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Science fiction may have made you more familiar with Artificial General Intelligence (AGI), which is different than the “AI” that is being implemented in business use cases today.
Artificial General Intelligence is the ability of a machine to intuitively react to situations that it has not been trained to handle in an intelligent, human way.
An example of AGI could be of a system that experiments with its surroundings to gain new insight and apply it correctly to a completely different situation.
You should know that this does not exist yet.
In fact, there will probably have to be a huge change to the way AI is currently designed before we reach a human-like general intelligence for machines.
Today, we work with Narrow AI.
The name sums it up; instead of being intelligent enough to figure out what to do in any situation, Narrow AI is a machine or system that can (semi-)autonomously complete a task that it has been trained to do.
And only that.
It can continue to learn and get better at doing that one task it has been trained to do, but it isn’t going to go rogue and seduce your husband or wife.
Read this blog for more information on the differences between Narrow AI and AGI.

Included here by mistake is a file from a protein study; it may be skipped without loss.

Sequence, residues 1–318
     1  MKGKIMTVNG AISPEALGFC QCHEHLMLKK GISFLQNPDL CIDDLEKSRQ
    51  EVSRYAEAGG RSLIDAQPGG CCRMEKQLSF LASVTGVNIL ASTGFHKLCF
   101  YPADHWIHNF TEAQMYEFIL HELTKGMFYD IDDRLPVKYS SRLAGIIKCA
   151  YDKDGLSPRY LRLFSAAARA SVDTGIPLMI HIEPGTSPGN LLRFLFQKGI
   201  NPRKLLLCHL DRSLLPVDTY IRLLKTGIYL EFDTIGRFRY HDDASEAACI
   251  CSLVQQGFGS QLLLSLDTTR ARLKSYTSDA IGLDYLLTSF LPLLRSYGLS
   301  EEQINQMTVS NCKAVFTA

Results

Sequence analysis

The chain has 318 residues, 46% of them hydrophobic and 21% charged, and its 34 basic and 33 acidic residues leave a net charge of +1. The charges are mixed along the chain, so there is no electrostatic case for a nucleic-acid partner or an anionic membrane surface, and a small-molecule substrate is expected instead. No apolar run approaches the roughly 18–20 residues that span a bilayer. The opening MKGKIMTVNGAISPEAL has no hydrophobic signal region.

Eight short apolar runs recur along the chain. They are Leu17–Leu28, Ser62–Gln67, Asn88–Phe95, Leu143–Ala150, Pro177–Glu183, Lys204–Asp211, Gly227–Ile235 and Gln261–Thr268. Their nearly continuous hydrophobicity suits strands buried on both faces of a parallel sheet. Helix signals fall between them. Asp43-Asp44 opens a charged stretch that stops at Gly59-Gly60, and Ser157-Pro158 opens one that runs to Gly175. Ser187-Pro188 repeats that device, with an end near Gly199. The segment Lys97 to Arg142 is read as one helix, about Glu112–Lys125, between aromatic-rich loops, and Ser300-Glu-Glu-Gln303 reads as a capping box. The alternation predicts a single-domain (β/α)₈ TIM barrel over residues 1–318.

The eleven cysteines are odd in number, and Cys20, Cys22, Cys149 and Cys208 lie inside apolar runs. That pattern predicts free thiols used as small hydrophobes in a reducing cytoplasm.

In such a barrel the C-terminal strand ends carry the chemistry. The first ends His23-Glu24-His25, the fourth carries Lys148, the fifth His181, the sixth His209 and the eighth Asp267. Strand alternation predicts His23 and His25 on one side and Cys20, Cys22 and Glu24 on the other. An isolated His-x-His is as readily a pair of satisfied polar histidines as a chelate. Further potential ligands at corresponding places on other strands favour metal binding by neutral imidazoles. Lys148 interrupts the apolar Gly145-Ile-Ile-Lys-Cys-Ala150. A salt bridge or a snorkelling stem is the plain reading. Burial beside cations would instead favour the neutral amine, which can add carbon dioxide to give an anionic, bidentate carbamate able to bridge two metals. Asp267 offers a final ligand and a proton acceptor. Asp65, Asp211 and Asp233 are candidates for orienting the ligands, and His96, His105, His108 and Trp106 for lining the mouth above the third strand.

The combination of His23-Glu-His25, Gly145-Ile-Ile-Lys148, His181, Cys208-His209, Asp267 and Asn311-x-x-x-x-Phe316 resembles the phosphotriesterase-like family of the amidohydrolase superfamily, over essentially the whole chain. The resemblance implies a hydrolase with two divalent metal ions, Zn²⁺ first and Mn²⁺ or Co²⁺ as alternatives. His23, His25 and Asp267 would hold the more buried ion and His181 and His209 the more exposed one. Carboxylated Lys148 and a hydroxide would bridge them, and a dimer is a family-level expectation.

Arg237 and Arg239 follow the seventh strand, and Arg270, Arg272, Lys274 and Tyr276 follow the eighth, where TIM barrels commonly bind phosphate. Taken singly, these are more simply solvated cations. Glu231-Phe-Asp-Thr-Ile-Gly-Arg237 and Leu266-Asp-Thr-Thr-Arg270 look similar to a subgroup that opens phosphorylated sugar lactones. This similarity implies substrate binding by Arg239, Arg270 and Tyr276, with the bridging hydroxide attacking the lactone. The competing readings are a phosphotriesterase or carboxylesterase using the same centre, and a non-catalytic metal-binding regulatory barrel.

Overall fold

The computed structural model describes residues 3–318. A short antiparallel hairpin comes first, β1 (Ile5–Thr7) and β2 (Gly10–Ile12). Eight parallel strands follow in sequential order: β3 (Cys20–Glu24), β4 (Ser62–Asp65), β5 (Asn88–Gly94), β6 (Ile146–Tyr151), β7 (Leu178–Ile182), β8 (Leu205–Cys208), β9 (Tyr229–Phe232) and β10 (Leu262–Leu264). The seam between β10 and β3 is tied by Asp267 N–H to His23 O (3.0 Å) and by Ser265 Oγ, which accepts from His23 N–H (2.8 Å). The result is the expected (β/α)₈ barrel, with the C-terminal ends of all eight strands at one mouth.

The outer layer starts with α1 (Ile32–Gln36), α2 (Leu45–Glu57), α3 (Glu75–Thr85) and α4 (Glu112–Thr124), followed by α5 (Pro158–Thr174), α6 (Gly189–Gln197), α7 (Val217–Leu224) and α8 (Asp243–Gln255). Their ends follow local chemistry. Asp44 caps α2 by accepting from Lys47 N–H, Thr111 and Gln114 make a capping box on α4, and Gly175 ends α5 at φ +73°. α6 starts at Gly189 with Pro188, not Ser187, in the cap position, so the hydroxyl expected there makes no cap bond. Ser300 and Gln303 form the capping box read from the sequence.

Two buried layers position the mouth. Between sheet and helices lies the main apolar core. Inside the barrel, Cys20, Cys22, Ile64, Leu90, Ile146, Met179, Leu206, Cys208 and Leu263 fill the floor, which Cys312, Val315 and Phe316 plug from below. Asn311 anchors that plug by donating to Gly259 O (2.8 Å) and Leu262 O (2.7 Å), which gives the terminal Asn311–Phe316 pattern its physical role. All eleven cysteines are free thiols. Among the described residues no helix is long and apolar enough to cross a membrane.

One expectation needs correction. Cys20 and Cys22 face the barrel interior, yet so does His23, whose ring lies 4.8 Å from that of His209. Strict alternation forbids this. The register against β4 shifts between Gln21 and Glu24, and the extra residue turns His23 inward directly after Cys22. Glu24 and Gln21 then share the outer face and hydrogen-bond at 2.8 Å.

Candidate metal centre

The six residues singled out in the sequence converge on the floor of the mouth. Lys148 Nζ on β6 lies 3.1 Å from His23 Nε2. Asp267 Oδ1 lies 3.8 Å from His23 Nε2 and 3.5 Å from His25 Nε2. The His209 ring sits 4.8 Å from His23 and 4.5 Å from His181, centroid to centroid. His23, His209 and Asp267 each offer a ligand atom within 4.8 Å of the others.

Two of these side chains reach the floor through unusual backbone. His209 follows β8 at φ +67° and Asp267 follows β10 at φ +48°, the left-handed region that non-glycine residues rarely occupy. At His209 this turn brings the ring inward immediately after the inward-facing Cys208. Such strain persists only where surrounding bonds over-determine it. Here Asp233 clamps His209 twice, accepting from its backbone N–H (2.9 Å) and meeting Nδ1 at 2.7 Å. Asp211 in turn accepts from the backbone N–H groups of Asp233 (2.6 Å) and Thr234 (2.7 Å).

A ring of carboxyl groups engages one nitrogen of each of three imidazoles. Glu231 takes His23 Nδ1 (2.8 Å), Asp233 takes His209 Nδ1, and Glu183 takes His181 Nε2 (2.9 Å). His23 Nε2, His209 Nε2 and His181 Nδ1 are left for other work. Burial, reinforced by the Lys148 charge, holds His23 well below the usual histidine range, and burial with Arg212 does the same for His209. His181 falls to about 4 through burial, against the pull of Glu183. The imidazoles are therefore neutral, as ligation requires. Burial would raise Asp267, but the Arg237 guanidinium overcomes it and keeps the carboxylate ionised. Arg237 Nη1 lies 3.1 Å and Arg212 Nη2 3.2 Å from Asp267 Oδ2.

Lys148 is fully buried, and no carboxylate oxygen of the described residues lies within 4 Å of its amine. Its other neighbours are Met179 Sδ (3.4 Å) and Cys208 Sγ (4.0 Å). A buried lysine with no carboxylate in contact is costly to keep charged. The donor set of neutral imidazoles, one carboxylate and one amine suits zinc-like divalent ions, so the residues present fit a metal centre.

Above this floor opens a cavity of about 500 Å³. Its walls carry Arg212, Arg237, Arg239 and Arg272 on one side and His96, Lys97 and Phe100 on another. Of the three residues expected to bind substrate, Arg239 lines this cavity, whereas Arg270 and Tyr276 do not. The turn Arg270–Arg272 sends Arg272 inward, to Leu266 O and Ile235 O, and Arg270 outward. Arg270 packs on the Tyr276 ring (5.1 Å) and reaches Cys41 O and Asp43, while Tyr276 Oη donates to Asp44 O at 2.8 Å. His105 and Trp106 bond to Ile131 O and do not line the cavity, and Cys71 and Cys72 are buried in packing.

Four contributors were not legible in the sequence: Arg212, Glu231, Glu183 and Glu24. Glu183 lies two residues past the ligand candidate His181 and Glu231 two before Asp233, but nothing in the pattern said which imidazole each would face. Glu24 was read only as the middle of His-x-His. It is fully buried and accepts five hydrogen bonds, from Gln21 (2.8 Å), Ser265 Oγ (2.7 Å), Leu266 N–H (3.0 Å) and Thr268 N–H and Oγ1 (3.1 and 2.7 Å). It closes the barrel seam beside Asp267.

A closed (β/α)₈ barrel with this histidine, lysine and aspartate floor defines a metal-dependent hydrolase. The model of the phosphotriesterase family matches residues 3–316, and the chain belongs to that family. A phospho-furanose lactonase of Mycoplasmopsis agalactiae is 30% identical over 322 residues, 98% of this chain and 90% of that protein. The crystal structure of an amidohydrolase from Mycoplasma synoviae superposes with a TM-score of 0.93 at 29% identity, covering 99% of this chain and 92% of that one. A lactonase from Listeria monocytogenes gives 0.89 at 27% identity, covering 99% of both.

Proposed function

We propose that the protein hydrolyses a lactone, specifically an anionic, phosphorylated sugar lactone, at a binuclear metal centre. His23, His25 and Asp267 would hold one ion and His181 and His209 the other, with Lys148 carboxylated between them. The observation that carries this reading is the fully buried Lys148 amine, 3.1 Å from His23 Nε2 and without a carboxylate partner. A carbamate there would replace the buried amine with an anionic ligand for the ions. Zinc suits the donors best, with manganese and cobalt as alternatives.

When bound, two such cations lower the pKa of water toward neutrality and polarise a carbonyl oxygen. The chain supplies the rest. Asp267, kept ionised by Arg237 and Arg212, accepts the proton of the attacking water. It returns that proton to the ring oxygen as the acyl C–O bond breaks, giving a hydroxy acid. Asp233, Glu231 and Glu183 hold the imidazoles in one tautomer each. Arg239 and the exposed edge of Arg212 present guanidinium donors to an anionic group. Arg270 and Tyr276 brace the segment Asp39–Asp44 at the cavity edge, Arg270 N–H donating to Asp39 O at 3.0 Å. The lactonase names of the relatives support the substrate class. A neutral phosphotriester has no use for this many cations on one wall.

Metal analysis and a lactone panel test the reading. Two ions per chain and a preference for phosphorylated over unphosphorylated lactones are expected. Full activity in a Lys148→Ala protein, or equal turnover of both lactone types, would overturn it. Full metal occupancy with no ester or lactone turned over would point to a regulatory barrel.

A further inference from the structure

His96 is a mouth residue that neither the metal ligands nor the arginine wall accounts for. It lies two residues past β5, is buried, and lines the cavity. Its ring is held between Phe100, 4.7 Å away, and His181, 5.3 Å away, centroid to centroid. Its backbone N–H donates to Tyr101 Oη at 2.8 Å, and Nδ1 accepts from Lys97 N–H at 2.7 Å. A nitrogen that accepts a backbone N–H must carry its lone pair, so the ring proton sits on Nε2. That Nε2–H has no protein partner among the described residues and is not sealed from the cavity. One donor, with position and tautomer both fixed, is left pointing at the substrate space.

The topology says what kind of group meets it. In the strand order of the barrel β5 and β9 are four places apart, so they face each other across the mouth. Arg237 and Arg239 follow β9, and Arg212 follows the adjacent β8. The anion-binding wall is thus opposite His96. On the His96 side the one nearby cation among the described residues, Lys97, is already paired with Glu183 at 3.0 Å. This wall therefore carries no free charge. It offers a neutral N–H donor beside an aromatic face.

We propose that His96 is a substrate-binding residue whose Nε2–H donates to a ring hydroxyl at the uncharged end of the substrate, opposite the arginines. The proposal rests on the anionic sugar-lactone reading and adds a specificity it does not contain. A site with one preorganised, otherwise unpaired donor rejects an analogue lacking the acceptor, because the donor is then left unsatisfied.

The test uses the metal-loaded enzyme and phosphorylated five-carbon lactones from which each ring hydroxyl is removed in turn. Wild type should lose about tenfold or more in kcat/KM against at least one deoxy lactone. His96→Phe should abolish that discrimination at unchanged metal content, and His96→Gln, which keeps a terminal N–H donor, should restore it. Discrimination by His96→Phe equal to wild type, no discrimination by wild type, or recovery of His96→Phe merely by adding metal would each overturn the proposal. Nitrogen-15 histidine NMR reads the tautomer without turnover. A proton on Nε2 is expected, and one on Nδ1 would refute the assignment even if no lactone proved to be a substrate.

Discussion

Narrow AI (usually just called AI) can be focused on many different types of tasks.
The common ones include recommendation engines, anomaly detection, image classification, natural language processing (NLP) and much more.
And actually, AI is an umbrella term that includes many different disciplines and technologies, including NLP, Machine Learning (ML), Machine Reasoning, Robotics, and Computer Vision.
Each one of these disciplines is its own research field, but they are often brought together to work in concert.
If you’re starting to wonder why all of these very different technologies are referred to as AI, you’re not alone.
AI is a far too ambiguous term, and we’ll get into that while debunking some of the myths around AI.
A side effect of being able to call nearly everything AI is that it gives the impression that AI can do anything.
Take for example those humanoid robots that can see you, listen to you, and think of things to say all on their own.
Narrow AI functionalities can be layered one on top of the other to create the appearance of “intelligence”.